By a cosmic coincidence, the first day of 2018 will have a nice full Moon in the evening. And the full Moon occurs just when the Moon is closest to the Earth in its monthly orbit, so it will look a little bigger to us in the sky.
Since 2011, the media have followed a suggestion by an astrologer (!) and started calling these slightly closer full Moons "Supermoons" -- a name more likely to make people notice. We astronomers tried to fight the term, but we're mostly giving up.
On January 1, the Moon will be closest (at perigee) at 2 pm, Pacific time: it will be 221,600 miles from us. (The average distance is about 239,000 miles.) The full Moon officially happens only 4 hours or so later, at around 6 pm Pacific time.
So when the full Moon rises, in the evening, as the Sun sets, it will looks somewhat bigger and brighter than usual. It's no big deal, except to reporters eager to fill news copy during the holidays when news is slow. Still, it's always nice to have an excuse to notice the full Moon and show it to kids in your family or neighborhood.
Remember, the Moon is the only world other than Earth on which humans (12 of them) have stood and explored. Even just with your naked eye (but better with a pair of binoculars), you can see some of the bigger round craters on the Moon, evidence of the ancient violence that was common in the early days of the solar system. More than four billion years ago, large chunks of rock and ice were still moving around the system, hitting the forming planets and moons.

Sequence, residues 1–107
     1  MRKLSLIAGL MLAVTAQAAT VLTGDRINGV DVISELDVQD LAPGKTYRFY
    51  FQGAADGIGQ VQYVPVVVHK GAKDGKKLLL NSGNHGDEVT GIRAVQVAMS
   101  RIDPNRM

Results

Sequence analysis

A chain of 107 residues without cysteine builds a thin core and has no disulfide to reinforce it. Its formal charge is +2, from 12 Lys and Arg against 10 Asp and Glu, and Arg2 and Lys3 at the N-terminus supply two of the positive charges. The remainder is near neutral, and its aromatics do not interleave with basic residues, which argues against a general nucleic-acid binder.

January 2018 is a blue-moon month (meaning two full moons will happen in the same month) and the second full moon, on January 31, will be more impressive. It will include not only a Supermoon, but a total eclipse of the Moon!
That eclipse will be best on the West Coast, but it will happen early in the morning. So you'll have to get up at 5:30 or 6 am on a Wednesday morning to see the full Moon fully eclipsed. I will have a much more detailed preview of the eclipse in this column when it's a closer in time.
Our photo, by astro-photographer Rick Baldridge, shows a full Moon seen above the historic Lick Observatory near San Jose. Click on it to see it bigger.
On a personal note, I have just launched my own astronomy website at http://www.fraknoi.com and invite you to check it out. It's still a work in progress.